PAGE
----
As we’re getting into the new year, I think it’s a good time to brainstorm and reflect on our firearm goals for 2024. It’s important to keep putting effort into ourselves and what we find important, so we continue to improve and move toward our goals. Whether it’s getting that new gun you’ve been saving for, increasing your doomsday ammo stockpile, or refreshing your tactical training, we should all create a plan of what we’d like to work on for the year to come.
We all want to make a bit more room in the gun safe and expand our firearm collections. I’m sure we all have a good idea of some new guns we’d like to get a hold of. Maybe you want to finish that AR build. Perhaps, you’re in the process of upgrading your Glock. After the recent SHOT Show, I know there’s certainly a lot of firearms I want. I like to buy firearms for certain tasks — which there are no shortage of. Whether it’s a bolt-action rifle for hunting, a micro 9 for carry, pump-action shotgun for home defense, or a .22 for fun plinking at the range, every firearm has its purpose.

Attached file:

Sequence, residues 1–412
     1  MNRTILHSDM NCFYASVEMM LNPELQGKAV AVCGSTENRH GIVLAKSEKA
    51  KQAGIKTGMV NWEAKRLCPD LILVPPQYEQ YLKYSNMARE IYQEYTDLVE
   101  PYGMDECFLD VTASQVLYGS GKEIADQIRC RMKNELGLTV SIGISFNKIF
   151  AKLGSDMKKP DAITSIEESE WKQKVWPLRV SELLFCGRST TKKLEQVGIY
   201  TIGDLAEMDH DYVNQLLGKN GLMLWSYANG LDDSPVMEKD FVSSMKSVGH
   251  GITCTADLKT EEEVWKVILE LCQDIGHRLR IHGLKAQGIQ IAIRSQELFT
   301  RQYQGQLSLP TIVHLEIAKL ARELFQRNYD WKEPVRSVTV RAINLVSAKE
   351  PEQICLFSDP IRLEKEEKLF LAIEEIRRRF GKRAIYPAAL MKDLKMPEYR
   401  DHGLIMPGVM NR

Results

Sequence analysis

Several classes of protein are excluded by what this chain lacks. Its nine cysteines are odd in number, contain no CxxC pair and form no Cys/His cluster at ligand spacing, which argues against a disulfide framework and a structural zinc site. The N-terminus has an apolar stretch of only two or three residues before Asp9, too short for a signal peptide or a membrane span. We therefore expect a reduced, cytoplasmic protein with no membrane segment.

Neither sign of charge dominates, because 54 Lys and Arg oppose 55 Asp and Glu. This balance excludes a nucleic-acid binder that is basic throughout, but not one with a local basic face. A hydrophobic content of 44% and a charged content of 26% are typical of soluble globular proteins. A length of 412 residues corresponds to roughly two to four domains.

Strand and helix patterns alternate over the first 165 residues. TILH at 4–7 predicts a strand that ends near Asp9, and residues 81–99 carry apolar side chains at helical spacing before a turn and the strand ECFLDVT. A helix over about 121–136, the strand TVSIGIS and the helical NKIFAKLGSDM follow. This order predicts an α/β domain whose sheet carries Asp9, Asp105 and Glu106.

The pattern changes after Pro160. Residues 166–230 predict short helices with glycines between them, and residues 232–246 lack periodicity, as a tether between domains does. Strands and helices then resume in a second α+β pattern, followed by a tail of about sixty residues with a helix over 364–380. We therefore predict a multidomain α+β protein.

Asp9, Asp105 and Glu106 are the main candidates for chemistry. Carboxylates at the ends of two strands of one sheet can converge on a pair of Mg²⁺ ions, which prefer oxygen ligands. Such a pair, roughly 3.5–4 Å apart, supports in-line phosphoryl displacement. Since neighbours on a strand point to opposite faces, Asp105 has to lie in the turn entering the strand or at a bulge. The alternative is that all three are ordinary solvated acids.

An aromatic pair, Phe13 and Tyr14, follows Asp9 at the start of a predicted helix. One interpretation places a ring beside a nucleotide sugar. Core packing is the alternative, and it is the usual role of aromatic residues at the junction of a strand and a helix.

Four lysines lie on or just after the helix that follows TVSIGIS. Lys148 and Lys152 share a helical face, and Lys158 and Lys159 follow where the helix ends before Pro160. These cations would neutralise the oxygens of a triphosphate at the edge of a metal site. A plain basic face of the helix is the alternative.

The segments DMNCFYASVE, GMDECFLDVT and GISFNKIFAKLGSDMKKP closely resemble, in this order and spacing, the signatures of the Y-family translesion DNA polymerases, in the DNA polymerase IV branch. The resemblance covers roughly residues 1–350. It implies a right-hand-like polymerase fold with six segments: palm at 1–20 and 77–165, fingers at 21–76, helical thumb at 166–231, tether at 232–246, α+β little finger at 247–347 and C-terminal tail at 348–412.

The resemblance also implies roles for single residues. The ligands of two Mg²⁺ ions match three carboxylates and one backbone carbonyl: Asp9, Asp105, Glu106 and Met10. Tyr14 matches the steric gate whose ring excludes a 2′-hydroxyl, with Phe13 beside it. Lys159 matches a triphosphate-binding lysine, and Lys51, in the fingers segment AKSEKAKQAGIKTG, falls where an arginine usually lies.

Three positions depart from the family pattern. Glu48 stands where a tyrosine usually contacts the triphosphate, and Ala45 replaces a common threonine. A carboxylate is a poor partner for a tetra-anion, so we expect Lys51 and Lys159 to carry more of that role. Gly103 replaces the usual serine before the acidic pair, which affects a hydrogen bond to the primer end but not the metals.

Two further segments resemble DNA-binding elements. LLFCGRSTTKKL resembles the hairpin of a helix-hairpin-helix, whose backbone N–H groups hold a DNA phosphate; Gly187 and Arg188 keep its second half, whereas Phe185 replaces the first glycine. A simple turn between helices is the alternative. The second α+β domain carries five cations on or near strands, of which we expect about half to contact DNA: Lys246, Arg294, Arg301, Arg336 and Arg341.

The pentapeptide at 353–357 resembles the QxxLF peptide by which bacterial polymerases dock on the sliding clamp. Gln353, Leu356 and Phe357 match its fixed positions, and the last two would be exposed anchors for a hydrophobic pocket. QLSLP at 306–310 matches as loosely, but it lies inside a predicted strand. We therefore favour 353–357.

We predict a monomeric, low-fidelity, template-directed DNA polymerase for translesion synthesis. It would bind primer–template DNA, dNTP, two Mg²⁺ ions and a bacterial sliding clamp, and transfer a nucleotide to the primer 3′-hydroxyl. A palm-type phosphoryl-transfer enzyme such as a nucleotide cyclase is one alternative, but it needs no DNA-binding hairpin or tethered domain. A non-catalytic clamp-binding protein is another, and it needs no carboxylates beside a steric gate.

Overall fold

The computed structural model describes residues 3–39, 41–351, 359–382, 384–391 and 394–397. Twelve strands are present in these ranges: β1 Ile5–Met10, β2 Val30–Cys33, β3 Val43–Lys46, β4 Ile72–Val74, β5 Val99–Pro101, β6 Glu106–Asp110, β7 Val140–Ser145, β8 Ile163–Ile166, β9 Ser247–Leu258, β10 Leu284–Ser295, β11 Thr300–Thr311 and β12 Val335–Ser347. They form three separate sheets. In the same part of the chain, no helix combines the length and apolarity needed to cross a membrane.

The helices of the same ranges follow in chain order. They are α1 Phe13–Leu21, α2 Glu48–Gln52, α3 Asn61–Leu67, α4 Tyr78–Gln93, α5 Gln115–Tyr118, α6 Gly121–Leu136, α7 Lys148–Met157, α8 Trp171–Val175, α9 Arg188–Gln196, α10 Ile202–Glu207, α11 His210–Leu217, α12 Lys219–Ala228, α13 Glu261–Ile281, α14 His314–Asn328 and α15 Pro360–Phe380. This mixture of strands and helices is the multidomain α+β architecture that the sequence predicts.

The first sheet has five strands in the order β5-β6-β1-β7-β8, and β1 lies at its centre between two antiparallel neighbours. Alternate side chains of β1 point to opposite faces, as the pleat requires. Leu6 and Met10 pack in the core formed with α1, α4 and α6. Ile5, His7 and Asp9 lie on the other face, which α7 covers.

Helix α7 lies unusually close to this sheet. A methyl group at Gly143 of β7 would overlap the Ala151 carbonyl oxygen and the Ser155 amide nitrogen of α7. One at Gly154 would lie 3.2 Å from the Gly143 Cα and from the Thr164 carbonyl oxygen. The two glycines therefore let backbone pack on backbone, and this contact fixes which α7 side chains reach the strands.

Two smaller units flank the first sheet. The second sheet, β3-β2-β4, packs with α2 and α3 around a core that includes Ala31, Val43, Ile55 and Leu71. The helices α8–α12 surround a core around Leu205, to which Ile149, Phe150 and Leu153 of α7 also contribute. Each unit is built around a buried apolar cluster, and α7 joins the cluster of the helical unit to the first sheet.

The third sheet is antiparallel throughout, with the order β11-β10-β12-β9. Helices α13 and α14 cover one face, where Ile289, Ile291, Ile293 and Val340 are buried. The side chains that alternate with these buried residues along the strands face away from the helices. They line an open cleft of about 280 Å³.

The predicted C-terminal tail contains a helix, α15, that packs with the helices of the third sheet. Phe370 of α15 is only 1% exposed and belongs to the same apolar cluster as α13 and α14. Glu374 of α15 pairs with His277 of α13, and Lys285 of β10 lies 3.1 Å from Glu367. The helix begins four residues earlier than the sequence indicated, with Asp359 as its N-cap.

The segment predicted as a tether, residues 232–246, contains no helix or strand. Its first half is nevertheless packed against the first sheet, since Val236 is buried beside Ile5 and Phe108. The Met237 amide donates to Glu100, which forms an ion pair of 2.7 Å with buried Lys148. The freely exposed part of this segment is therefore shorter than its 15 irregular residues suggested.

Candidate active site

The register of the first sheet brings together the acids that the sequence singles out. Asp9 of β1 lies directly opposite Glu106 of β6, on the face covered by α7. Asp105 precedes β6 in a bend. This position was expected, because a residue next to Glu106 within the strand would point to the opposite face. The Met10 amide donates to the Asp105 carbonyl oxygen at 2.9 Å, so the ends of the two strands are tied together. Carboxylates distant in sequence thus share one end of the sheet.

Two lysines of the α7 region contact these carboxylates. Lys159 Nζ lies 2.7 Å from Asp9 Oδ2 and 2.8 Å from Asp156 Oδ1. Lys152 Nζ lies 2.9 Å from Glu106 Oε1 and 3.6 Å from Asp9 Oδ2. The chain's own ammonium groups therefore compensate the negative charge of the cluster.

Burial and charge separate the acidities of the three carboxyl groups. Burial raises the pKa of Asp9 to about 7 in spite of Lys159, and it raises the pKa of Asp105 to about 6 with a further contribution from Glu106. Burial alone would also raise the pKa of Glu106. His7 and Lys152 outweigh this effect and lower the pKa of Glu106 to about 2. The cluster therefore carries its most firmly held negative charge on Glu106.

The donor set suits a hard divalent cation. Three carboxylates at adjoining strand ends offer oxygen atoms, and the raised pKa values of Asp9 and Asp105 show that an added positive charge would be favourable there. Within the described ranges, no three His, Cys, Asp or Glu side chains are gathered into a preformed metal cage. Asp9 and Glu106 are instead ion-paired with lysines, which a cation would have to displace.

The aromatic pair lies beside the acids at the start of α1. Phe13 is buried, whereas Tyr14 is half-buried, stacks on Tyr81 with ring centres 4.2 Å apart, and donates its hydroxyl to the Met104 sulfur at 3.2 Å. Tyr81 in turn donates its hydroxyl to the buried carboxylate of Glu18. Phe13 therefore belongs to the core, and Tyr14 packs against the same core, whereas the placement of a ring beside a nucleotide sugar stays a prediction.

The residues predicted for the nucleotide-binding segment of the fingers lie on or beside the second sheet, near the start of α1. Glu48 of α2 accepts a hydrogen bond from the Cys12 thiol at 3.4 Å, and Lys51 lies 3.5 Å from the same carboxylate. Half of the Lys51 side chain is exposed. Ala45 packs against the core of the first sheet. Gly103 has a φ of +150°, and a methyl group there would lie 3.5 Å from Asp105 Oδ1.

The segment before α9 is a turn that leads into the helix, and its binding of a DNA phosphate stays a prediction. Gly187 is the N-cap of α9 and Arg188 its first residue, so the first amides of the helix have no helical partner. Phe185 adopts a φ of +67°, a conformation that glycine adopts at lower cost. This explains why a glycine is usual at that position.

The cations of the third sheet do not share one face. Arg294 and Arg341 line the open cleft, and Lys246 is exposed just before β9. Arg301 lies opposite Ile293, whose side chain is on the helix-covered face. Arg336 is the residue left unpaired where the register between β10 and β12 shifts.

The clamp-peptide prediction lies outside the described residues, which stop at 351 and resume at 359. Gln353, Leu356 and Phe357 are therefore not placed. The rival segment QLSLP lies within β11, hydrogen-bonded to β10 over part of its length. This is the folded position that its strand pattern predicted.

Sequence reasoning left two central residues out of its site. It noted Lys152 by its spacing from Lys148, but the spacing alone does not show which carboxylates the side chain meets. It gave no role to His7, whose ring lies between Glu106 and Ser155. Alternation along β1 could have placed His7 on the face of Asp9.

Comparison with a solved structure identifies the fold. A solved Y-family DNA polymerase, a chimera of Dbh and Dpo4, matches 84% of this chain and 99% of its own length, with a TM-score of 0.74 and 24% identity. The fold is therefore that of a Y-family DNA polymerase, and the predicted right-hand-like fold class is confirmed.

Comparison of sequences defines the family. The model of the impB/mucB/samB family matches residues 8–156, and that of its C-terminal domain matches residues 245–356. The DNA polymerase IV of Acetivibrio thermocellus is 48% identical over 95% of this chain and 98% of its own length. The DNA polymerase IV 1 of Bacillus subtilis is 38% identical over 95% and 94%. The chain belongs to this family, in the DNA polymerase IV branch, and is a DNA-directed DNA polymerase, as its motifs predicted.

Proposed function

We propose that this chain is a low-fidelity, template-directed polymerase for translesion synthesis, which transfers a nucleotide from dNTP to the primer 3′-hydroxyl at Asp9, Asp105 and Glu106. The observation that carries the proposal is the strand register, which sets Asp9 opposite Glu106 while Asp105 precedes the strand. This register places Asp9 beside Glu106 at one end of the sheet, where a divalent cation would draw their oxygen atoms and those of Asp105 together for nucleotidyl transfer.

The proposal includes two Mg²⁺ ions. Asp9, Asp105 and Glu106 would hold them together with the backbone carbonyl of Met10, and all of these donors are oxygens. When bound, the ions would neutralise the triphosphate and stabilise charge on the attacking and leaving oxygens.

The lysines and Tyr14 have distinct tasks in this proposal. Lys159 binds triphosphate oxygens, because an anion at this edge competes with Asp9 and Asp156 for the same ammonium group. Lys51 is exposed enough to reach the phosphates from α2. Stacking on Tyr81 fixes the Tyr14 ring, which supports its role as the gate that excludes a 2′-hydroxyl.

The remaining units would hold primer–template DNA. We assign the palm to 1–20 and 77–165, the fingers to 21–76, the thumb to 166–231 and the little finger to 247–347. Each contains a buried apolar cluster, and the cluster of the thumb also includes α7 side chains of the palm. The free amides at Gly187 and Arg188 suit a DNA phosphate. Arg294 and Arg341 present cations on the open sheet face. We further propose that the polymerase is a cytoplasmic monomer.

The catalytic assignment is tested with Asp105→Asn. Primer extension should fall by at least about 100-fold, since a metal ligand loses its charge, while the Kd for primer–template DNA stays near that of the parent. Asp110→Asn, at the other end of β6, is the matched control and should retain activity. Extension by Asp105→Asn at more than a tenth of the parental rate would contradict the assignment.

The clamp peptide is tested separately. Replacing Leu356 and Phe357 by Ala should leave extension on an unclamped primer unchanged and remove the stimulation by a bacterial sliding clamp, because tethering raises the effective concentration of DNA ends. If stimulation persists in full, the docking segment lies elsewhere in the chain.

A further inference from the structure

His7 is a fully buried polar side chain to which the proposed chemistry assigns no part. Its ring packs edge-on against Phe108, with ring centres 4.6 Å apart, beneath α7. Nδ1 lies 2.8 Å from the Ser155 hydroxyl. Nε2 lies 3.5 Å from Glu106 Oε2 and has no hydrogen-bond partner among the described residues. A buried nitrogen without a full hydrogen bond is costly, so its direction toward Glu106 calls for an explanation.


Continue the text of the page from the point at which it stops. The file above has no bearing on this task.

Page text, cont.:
Past shortages had me dipping deeper into my ammo supply than I would have liked, as I’m sure it did many of you. Even if you’re sitting on a heap, it’s never a bad idea to acquire more. I’ve been slowly building my stache again, but I’d like to take it a bit further this year.
Additionally, I’d like to improve my organization system to keep better track of what I do, or don’t, have. The goal is to update a logbook of past and future purchases and to add some more caliber-specific separation. Depending on the number of calibers and amount of ammunition you have, you may consider separate storage containers for rifle, pistol, or shotgun ammo. If you have a lot of variety, try individual containers separated by caliber. This is my system, find what works for you.